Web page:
During installation of fastener 1, shank section 3 is stretched and pretensioned by an installation tool, thereby providing a tension, or spring-like force which biases the tip section 4 towards the head section 2 when the fastener is engaged with the workpiece. The mechanical properties of the shank section should be such as to provide a specific design load for a given distance of travel. This load is established when the shank section is stretched.
Suitable materials of construction for the spring or spring-like element include any material which can be stretched and pretensioned by the installation tool, and which is compatible with the processing environment inside the vacuum chamber. Examples of materials exhibiting the requisite mechanical properties include stainless steel, aluminum, copper and alloys thereof such as bronze.
Tip section 4 of the inventive vacuum compatible fastener includes a tubular section 8 and one or more retractable clamping elements 11 which include upper edges designed to dig into and grip the sidewalls of receiving hole 15 in the workpiece. The tubular section 8 includes a channel therethrough and a tip 21 having a hole 22 therein to allow evacuation through the fastener. As shown in FIG. 2, in the retracted state, the retractable elements 11 are generally coextensive with the tubular section 8. In the extended state, upper ends of the retractable elements extend outward, away from the tubular section 8, as shown in FIG. 1B.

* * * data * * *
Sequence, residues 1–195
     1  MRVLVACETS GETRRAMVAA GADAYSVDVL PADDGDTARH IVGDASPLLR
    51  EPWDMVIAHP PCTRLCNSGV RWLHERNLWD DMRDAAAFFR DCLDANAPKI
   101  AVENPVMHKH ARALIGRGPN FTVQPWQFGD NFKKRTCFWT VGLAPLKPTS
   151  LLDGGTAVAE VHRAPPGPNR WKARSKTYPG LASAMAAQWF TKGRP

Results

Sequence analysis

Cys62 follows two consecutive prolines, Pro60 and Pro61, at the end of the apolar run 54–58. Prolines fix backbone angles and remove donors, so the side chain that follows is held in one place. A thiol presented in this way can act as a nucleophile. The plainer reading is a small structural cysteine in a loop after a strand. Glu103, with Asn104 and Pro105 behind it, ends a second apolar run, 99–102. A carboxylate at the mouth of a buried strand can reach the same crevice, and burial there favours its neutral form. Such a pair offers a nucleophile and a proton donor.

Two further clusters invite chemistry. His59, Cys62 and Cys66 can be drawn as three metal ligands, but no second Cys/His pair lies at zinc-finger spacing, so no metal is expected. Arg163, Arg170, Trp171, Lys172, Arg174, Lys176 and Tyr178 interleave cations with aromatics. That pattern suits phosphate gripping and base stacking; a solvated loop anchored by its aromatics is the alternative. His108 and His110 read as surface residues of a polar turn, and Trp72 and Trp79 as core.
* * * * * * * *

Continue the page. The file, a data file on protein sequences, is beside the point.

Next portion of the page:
Retractable elements 11 can be formed in various ways. For example, retractable elements 11 can be formed by suitably shaped cutouts in the tubular section 8. For example, each element 11 can be formed by a pair of U-shaped cuts 24 in the tubular section, the ends of the U-shaped cutouts being spaced apart such that two thin connecting portions 25 between the cutouts connect the retractable element 11 to the tubular section 8 (FIG. 7). In such a case, clamping element 11 is a rigid element which is resiliently attached to the tubular section 8. The resilient connection causes the clamping element to extend outwardly relative to tubular section 8. Alternatively, the elements 11 can comprise discrete pieces pivotally attached in a manner which allows them to rotate about a central section thereof such as by means of a torsion spring element. The elements can have different constructions such as teeth-like structures, barbs, leaf springs, a clamp ring or a collet-like element having one or more sharp edges or points where contact is to be made with one or more walls of a fastener receiving hole in the workpiece. Other suitable retractable element structure designs will be apparent to persons of ordinary skill in the art. The contact area between the retractable elements and the hole walls is preferably minimized and confined to the tips or edges of retractable elements 11.